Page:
“Most of our expressions of excellence are centered around our public worship services, and thus the temptation is to allow them to absorb a higher and higher percentage of the time, energy and resources of the local church, especially of her leaders (both volunteer and paid)… No local church has unlimited resources, and no leader (however gifted) has unlimited time and energy. By focusing so strongly on making our public worship more and more excellent, very often we are simultaneously choosing to cutback on our mission to the world. ”
(Via Alex Absalom.)
“Tough conversations are an opportunity to rehearse the gospel with our children. These are practice runs. These truths aren’t dusty. Everyone will meet circumstances where only the gospel makes sense of life. Rehearsing the gospel by having tough conversation prepares our children to respond well when those times come.
Athletes practice and practice and practice more to create muscle memory. They want to repeat their route, the play, or the motion so many times that when game time comes their bodies react instinctively. That’s gospel rehearsal. It’s spiritual muscle memory. We repeat the promises of God. We point them to Jesus Christ. We sear Scripture into their hearts. We teach them how to pray. These kinds of conversations may raise more questions. That’s okay. Without being candid with them, when ‘the sea billows roll,’ our children may falter. With tough conversations rooted in gospel rehearsal, they will see the other side.”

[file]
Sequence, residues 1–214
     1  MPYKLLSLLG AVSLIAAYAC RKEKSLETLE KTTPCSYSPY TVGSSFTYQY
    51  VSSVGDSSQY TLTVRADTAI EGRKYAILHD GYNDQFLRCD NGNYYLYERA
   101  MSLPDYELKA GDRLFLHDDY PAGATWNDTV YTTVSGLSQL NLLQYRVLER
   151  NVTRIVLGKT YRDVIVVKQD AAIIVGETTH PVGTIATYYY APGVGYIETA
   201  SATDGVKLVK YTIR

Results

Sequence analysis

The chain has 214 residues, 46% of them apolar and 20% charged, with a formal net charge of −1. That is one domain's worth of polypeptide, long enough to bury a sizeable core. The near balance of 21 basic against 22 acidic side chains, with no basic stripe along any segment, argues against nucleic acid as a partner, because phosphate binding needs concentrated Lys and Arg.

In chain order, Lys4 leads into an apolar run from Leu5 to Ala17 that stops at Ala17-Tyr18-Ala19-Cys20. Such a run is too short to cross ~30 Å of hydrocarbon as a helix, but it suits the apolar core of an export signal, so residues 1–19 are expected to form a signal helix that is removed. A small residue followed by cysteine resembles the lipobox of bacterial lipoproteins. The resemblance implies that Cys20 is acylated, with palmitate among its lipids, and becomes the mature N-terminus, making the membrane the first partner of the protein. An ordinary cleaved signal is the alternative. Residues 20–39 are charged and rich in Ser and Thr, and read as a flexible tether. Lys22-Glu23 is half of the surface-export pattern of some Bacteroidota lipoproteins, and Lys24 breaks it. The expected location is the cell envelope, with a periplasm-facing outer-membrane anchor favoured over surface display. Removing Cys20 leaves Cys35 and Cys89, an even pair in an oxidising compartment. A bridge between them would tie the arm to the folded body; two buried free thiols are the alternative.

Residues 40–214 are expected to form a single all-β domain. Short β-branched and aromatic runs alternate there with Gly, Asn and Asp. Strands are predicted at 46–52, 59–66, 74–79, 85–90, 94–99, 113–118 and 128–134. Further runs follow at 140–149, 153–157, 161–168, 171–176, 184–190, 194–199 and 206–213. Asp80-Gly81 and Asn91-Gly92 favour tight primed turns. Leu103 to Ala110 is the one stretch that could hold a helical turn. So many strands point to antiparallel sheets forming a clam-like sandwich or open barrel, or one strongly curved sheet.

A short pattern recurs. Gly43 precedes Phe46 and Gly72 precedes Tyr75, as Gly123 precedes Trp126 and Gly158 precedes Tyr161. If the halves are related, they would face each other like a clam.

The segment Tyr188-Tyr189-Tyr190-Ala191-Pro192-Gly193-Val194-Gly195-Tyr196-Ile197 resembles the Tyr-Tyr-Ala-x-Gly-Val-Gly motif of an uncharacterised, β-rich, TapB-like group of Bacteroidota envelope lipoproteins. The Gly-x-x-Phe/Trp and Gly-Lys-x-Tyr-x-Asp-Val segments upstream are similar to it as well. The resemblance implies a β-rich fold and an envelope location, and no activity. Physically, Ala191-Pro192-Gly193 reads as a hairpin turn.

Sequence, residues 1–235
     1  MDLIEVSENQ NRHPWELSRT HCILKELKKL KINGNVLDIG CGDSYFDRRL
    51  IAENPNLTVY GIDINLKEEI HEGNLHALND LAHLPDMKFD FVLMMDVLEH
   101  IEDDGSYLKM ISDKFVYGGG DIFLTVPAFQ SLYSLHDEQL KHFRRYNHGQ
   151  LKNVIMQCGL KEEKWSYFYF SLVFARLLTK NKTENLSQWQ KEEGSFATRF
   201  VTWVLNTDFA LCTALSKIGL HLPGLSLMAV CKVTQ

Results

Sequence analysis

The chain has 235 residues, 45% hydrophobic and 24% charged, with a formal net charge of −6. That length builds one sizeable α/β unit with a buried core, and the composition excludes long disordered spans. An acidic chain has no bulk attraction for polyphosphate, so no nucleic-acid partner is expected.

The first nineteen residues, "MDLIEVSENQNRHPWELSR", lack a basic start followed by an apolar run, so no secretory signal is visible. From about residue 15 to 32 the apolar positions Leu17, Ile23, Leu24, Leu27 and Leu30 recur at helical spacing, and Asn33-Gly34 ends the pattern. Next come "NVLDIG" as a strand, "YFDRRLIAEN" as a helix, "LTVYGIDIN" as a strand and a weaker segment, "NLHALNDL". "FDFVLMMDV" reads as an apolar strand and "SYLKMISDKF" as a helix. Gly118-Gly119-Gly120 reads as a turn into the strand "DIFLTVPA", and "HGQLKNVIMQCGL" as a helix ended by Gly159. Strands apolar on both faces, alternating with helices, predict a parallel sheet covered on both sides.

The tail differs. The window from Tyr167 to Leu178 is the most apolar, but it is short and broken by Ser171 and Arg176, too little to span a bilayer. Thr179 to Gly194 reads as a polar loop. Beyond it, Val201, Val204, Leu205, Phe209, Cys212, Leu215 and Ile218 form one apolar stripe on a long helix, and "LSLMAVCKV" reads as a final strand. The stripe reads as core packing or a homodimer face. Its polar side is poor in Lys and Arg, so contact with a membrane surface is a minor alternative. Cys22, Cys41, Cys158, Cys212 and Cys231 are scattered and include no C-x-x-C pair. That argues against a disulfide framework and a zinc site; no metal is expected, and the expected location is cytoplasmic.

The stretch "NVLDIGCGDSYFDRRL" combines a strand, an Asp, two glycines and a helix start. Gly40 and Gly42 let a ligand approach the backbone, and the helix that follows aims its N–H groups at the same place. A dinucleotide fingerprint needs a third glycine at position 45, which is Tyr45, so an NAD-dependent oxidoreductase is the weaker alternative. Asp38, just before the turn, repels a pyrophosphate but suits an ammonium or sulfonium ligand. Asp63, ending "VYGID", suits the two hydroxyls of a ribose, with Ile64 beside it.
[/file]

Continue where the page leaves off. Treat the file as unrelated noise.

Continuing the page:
#3: Repenting is normal and expected.
“Wouldn’t it be great if the topic of repentance came up and your children responded, ‘Repentance? Yeah, we do that all the time in my family.’ It would tell everyone that you are a family of practicing Christians, followers of Jesus who are continually trying to grow their hearts and lives in a new and better Kingdom God provides. It would also set a pattern for your kids to follow when they grow up, get married, and have kids of their own.”
(Via Yancy Arrington.)
“There was once a time in the early years of our faith when we couldn’t get enough. We had a voracious hunger for truth. We lived with the humbling realization that there was so much we didn’t know. We loved to study the Word of God. We loved listening to peers and mentors who were further along. We were students.
But something happened along the way. Perhaps we got distracted by the world and began to live more like tourists than students. Perhaps we got discouraged and felt our study wasn’t helping. Or perhaps our hunger was blunted by a feeling of arrival.”
(Via Paul Tripp.)